Los Alamos Police Chief Discusses Department’s Values At Virtual County Council Meeting

IMG_9385 (1)Los Alamos Police Chief Dino Sgambellone at a June 6 protest at Ashley Pond Pavilion. Photo by Maire O’Neill/losalamosreporter.com


Los Alamos Police Chief Dino Sgambellone read two letters he recently released to local media into the record during Tuesday’s virtual Los Alamos Council meeting.

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Council Chair Sara Scott, in welcoming Sgambellone, said that “while we consider ourselves a safe and tolerant community, Los Alamos has residents who, as elsewhere and for good reasons, fear not only injustice and violence but have to deal with daily unconscious bias against people of color”.

“I hope your words, your willingness to come here tonight to emphasize the values of your department and Council’s desires to underscore these values in forums such as this, will speak to all of us regarding your unfailing promotion of safety and civility for those living and working in our community,” Scott said. “The Council commits to working with the community, the County Manager and the Chief of Police to identify and implement both policy changes and community outreach and support to address unconscious bias in our county.”

Sgambellone noted that LAPD is one of the five percent of law enforcement agencies nationwide that are accredited by the Commission on Accreditation for Law Enforcement Agencies.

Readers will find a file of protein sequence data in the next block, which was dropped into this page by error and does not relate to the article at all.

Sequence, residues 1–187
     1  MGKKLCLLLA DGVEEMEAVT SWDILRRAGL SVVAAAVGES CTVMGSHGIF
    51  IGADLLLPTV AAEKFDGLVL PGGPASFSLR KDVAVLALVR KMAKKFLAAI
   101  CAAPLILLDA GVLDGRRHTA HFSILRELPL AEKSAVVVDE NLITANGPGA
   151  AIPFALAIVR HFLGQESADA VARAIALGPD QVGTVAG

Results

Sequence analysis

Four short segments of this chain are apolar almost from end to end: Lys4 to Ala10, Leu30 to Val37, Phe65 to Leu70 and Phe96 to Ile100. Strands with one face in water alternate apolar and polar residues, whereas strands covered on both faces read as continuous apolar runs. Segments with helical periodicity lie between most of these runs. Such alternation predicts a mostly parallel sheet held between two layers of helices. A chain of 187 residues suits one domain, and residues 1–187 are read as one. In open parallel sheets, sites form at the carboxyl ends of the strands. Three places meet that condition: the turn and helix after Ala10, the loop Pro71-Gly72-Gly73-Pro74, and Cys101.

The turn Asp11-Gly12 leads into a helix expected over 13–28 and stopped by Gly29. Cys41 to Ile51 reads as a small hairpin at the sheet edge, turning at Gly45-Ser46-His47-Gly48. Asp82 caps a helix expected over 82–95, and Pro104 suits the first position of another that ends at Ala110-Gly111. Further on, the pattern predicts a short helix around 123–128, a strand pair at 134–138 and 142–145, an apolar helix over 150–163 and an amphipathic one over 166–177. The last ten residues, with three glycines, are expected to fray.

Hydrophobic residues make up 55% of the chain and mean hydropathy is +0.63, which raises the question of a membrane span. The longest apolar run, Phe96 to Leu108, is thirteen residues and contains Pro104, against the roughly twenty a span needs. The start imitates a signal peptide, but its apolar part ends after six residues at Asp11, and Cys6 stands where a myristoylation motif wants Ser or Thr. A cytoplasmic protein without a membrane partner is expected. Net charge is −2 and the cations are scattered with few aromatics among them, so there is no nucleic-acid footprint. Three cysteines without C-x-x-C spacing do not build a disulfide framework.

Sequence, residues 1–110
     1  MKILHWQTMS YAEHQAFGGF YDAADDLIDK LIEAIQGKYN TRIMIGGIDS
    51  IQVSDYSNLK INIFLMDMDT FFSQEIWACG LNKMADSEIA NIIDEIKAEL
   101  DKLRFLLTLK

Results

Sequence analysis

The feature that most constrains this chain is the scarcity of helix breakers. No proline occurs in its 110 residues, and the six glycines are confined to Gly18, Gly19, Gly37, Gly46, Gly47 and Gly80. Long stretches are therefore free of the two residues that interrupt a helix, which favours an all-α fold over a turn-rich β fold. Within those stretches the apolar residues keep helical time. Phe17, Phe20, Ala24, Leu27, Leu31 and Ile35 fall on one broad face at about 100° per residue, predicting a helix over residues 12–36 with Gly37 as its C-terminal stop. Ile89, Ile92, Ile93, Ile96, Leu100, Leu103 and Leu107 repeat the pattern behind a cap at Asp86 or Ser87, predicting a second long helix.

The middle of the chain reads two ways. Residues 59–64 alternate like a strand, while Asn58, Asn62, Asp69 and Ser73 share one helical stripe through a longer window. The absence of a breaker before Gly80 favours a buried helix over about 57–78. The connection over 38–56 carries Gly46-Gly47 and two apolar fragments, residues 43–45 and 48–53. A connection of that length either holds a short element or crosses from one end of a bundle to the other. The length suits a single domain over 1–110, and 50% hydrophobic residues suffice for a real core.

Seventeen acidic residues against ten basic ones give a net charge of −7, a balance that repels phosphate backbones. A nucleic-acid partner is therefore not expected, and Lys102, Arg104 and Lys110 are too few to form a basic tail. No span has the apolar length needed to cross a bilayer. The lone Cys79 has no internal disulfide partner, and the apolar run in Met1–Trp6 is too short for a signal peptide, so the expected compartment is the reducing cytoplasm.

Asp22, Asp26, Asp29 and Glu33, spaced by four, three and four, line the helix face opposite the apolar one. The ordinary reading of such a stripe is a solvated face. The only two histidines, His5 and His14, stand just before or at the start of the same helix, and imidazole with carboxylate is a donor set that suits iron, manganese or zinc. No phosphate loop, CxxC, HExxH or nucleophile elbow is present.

“Our standards address our recruitment and hiring processes. They help us to hire the best people possible and to hire individuals from diverse backgrounds. They address the training of these employees – including use of force issues – and how to understand policy, address the role of supervisors and their responsibility to ensure our officers properly perform their duties,” he said. “Through counseling, remedial training or taking more serious disciplinary action, they are tasked with ensuring that our officers’ behavior and performance is in compliance with the highest standards in our profession.”

Sgambellone said LAPD conducts reviews and analyses on such areas as use of force, pursuits and complaints to determine if there are any patterns or trends related to training, equipment needs or policy needs that need to be addressed.

“We hire great people, train them well, and supervise them properly. We are human like anyone else. Those who do not perform up to expectations are provided opportunities to improve their performance or are no longer members of our Department. The accreditation process can always show us where we can improve as can maintaining an effective dialogue within the community,” he said.

Sgambellone said he is proud of the Department’s employees and thanks them and their families for their sacrifice.

“Having a career in public safety is not easy. It’s not easy for the employee and it’s not easy on the family. Yet, and for the record, the Los Alamos Police Department strives hard to exceed the expectations of this community through professional, impartial and unbiased performance of our duty, a duty that we are bound to by oath,” he said. “As chief, it is my goal that all Los Alamos citizens and visitors will look upon the Department not in fear but knowing we stand with the community in service.”

He noted that he is always ready to meet with any citizen or citizen group as well as take emails and phone calls.